Ukrainian pilot Nadiya Savchenko given 22-year sentence
A Ukrainian pilot has been found guilty in Russia of charges relating to the deaths of two Russian journalists.
Nadiya Savchenko was sentenced to 22 years in jail after being convicted of directing artillery fire which killed them in eastern Ukraine in June 2014.
She burst into a folk-style protest song in the courtroom as she was finally pronounced guilty after the judge's two-day reading of the verdict.
She denied all the charges and her case has become internationally notorious.
Ukraine would never recognise the "so-called" verdict, President Petro Poroshenko said, describing the trial as "infamous".
In a statement (in Ukrainian), he added that he was ready to exchange Savchenko for two Russian soldiers detained in Ukraine for "their participation in the armed aggression" against the country.
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Savchenko has become a national hero - elected as a Ukrainian MP while in detention - and scuffles were reported in the courtroom after members of a Ukrainian delegation unfurled a national flag.
Her lawyer, Nikolai Polozov, told journalists that she would "not appeal against this illegal verdict", in which Savchenko was also found guilty of illegally crossing the border into Russia and the attempted murder of civilians.
"She is an iron person, she has an iron will," Mr Polozov said, according to AFP news agency.
At the scene: Sarah Rainsford, BBC News, Donetsk, Russia
This tiny Russian border town was under lockdown for the final hours of the trial. Dozens of Cossacks were drafted in to line the streets alongside heavily armed police. At a security check outside court, officers checked bags and scanned journalists' notebooks for "forbidden" texts.
Inside, Nadiya Savchenko was a picture of calm - until the verdict. As the judge pronounced her guilty she broke into deafening song to drown him out. But the result was no surprise to her defence team, nor the fact that the judge dismissed all the evidence they presented.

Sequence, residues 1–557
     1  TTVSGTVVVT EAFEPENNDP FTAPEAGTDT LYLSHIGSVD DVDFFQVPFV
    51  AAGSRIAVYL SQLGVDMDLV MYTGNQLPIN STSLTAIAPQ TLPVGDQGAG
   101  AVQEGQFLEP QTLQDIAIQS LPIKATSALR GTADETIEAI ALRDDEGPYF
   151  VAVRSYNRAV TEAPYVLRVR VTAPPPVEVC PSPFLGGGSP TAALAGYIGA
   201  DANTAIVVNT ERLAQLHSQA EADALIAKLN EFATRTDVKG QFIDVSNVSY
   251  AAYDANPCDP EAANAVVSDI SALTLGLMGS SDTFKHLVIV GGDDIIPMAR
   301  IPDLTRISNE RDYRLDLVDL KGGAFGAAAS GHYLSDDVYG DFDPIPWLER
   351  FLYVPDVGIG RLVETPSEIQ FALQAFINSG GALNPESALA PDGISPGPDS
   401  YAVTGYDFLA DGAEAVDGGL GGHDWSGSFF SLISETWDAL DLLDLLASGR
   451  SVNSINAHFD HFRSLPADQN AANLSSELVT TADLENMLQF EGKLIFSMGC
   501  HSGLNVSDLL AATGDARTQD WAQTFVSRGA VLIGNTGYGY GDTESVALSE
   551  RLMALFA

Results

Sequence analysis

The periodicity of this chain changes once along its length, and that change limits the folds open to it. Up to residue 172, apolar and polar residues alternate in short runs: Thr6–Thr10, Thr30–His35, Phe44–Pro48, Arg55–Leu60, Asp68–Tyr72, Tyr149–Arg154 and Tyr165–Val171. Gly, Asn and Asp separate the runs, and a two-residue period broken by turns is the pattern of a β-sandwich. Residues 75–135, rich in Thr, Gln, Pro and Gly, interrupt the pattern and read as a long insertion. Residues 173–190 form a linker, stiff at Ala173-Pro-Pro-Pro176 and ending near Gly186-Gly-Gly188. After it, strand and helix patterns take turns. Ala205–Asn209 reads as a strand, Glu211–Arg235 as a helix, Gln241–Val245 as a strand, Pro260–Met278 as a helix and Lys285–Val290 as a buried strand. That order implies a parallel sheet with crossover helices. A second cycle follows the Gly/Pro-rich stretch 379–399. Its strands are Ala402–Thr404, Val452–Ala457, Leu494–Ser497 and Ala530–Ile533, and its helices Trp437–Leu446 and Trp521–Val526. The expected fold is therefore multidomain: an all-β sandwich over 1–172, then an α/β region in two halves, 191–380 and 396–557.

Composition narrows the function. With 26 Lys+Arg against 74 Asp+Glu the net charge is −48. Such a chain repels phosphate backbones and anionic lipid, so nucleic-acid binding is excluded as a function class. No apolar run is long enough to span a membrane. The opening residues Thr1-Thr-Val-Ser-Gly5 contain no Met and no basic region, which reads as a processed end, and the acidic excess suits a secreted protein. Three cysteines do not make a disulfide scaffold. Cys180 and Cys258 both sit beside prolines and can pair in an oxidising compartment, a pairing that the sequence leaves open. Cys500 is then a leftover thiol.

A few half-hearted protesters gathered outside waving signs declaring Savchenko a "war criminal" and in court three young men suddenly displayed T-shirts with the faces of the Russian journalists she is accused of killing.
They were outnumbered, though, by politicians from Kiev and supporters of Savchenko. As her sentence was handed down - and she yelled abuse at the judge - some pulled out the Ukrainian flag and burst into their national anthem before being bundled unceremoniously out of court by bailiffs in balaclavas.
Her lawyers say Savchenko has threatened to go on a dry hunger strike (refusing all fluids) on 6 April, 10 working days after the verdict, in order to get sent home "dead or alive".
Russian prosecutors said Savchenko had been driven by "political hatred".
Western politicians and intellectuals have been among those calling for her release, echoing her lawyers' descriptions of the process as a show trial and a farce.
Human Rights Watch condemned the trial as unfair, complaining that the court had "refused to admit crucial defence evidence and consistently rejected important defence motions, making it impossible for her legal team to effectively challenge the allegations against her as fair trial standards require."
The hearing took place in the southern Russian town of Donetsk, not far from the Ukrainian border.
There was confusion on Monday at the start of the court session, when Russian state media announced the guilty verdict prematurely.
Savchenko, a military pilot by training, was accused of having acted as an artillery spotter on the ground.
Her lawyer has argued that phone records prove she was captured by rebels before the attack, and that she was trying to reach fighters from her volunteer force who had been wounded in an ambush.
Savchenko's capture - or as she puts it, her kidnapping - contributed to the deterioration in Russia-Ukraine relations since 2014.
Moscow annexed the Crimea peninsula in March 2014 after an unrecognised referendum on self-determination, and is accused of covertly supporting separatist rebels in the bloody conflict in the eastern Donetsk and Luhansk regions of Ukraine.